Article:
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Monday, October 10, 2011

SF Open Studios: "Art Is Pointless" -- and Really Fun to See -- at Workspace Limited

Posted By on Mon, Oct 10, 2011 at 8:00 AM

Useless stuff put to use. - JOHN ZAKLIKOWSKI
  • John Zaklikowski
  • Useless stuff put to use.

We're not quite halfway through ArtSpan's SF Open Studios, which continue through the last weekend in October, but we've seen some great work so far. The first weekend we went to Workspace Limited, a 37,000-square-foot converted industrial space where more than 40 artists set out the wine, hurriedly slapped labels on their work, and opened their doors.

Workspace Limited is glorious and though at night a gaze out the huge windows met pitch black, it was easy to imagine the pounding mission sun supplying ample natural light for those lucky to have scored an upstairs studio. The crowd was less than banal, the way Burning Man vehicles look after you've lived here for a while -- all flash and no substance. Thankfully, there was plenty of work to look at and a labyrinth of rooms to explore.

Most notable was the work of John Zaklikowski, whose room literally exploded with kinetic energy of dead technology. Motherboards and hard drives, CDs, and all the other stuff under the hood of your second self that when disassembled is just as useful as a brick.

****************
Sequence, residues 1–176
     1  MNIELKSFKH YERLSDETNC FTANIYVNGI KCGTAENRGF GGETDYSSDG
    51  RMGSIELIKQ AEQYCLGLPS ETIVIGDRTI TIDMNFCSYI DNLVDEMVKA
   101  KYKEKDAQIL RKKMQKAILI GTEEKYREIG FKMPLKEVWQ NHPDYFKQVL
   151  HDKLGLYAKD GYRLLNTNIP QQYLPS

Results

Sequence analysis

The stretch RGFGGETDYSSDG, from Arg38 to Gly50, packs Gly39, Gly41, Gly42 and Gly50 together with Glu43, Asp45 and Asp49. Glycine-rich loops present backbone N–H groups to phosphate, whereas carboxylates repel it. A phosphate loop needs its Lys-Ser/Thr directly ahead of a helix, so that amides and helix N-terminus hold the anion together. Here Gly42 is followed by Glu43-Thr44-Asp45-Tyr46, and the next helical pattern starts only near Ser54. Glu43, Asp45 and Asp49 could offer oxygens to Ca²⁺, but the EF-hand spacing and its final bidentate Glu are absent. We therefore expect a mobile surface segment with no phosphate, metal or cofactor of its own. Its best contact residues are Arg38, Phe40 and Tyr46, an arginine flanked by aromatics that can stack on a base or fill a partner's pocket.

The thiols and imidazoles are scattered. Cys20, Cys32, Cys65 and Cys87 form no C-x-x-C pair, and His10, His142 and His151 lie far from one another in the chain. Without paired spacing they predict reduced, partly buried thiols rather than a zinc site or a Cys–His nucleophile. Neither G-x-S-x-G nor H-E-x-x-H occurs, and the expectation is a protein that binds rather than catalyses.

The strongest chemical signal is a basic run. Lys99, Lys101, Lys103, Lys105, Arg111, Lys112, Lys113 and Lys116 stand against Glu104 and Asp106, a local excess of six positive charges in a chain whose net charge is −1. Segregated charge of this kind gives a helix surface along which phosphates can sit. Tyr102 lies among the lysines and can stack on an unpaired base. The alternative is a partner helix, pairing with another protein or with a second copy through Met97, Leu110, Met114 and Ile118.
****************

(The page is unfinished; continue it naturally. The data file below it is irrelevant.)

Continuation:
• John Zaklikowski

Resembling the cubism of Georges Braque and the technology of John Chamberlain, Zaklikowski uses assemblage to back up his artist statement that "art is pointless." What's not to love?

  • Isabel Santis

The pieces on view by Isabel Santos beautifully illustrated disease in all the right curves and colors. Through three-dimensional mixed media, the pieces simultaneously enabled awe and tragic reflection on our own susceptibility.

  • Hadley Northrop

Next consider the work of Hadley Northrop (polar bears) and Jennifer Berkovitz (family portrait). Sincere? Ironic? Paradoxical? Depends on your point of view and what you want to see.

  • Jennifer Berkovitz

One artist commissions work to "paint your child's favorite toys." We wonder whether that's more for the kids or the parents -- and also whether it matters.

Memories for sale
  • Memories for sale

Daniel A. Diaz-Tai's studio provided the ideal scene where the work was interesting and the company even better. Reminiscent of Basquiat and informed by movement and calligraphy, the nonsensical black-and-white script draped the walls in a mood so subtle and yet more compelling than all the other rooms combined.

  • Daniel A. Diaz-Tai

There was a clear theme of dueling forces: simplicity and complication, understanding and confusion, intention and spontaneity. He was also the only artist that introduced himself and chatted amicably about his work, the one thing you go to open studios hoping for -- to actually meet the artist and become a little more informed.

ArtSpan's SF Open Studios continues through Oct. 30.

For more events in San Francisco this week and beyond, check out our calendar section. Follow us on Twitter at @ExhibitionistSF and like us on Facebook.

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Stephanie Echeveste


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